To that Thaelmann might have added: In order to win the firm indestructible trust of the majority of the workers, we must above all renounce throwing dust in their eyes, to exaggerate our forces, to close our eyes to facts, or still worse, to distort them. It is necessary to state what is. We shall not deceive our enemies, we have thousands of organs for testing. By deceiving the workers, we deceive ourselves. By pretending to be very strong, we only weaken ourselves. Therein, friends, lies no lack of confidence, no “pessimism”. Ought we to be pessimists? Before us there are gigantic possibilities. For us there is an unlimited future. The fate of Germany, the fate of Europe, the fate of the whole world depends on us. But precisely he who firmly believes in the revolutionary future has no need for illusions. Marxian realism is a prerequisite of revolutionary optimism.
Thus would Thaelmann have answered if he were a Marxist. But, unfortunately, he is not a Marxist.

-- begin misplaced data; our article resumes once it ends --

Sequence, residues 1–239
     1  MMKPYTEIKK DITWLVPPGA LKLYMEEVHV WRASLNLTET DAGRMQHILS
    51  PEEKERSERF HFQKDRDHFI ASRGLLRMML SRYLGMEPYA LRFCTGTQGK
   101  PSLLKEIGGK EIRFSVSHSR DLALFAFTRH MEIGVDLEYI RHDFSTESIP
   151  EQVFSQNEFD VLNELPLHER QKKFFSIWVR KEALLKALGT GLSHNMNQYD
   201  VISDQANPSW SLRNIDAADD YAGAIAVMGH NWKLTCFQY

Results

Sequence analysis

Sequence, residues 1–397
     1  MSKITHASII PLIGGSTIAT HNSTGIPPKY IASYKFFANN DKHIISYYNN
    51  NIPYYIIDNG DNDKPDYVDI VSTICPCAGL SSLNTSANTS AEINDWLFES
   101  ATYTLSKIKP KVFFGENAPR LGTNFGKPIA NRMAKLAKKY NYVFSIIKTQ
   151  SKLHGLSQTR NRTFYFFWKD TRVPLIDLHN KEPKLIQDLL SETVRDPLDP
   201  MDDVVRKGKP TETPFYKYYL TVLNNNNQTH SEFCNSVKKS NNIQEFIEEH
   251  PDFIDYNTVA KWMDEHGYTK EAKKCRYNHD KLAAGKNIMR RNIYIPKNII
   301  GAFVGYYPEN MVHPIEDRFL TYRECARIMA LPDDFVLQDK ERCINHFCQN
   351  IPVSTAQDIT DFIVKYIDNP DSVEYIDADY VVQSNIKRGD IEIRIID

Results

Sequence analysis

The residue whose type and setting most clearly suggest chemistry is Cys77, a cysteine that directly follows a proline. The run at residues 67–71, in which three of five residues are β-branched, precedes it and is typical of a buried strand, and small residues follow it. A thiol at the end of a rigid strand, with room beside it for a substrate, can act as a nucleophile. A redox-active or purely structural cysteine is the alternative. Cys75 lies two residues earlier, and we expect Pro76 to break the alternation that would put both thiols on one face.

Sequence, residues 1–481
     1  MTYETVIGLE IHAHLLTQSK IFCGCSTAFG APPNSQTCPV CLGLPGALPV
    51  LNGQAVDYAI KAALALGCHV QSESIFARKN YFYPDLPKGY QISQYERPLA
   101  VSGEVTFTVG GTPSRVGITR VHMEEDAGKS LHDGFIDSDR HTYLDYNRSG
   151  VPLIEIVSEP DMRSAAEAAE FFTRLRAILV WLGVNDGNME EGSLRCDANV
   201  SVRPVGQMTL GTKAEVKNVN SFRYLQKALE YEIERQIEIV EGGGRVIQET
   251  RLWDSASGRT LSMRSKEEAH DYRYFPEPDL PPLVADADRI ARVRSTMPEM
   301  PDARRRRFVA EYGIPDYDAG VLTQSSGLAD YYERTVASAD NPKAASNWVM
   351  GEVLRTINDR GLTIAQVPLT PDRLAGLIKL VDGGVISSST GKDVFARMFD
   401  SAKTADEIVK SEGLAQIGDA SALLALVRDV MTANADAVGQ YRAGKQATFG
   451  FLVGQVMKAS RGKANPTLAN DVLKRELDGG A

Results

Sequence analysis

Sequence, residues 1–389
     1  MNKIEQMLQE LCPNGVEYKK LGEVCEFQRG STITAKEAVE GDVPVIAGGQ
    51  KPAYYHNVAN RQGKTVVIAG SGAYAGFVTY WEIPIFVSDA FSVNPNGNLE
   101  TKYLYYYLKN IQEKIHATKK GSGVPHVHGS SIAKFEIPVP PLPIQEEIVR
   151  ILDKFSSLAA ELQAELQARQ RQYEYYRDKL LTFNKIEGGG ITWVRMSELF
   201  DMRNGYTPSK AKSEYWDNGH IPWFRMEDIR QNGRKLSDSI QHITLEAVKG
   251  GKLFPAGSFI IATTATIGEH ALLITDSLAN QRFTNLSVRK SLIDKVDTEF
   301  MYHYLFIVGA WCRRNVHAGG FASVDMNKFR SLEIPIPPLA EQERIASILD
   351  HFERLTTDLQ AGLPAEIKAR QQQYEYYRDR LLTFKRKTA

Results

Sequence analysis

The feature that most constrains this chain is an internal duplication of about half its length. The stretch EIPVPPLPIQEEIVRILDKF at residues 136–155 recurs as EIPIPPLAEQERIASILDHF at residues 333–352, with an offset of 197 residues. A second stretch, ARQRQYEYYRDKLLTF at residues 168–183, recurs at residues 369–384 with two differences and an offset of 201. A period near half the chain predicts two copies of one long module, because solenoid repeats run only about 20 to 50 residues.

But how then was it possible for the party to remain silent? The report of Thaelmann, representing a turn of 180 degrees in the question of the referendum was accepted without discussion. Thus it was proposed from above, but proposed means ordered. All the accounts of the Rote Fahne report that at all the assemblies of the party, the referendum was adopted “unanimously”. This unanimity is represented as a sign of the particular strength of the party. When or where has there yet been in the history of the revolutionary movement such dumb “monolithism?” The Thaelmanns and the Remmeles swear by Bolshevism. But the whole history of Bolshevism is the history of intense internal struggle in which the party won its position and hammered out its methods. The history of the year 1917, the greatest year in the history of the party, is full of tense internal struggles, as is also the history of the first live years after the conquest of power, despite this – not one split, not one widespread expulsion for political motives. But – at the head of the Bolshevik party there stood leaders of growth, another tempering and another authority than the Thaelmanns, Remmeles and Neumanns. Whence then this terrible present-day “monolithism”, this destructive unanimity which transforms each turn of the unfortunate leaders into an absolute law for the gigantic party?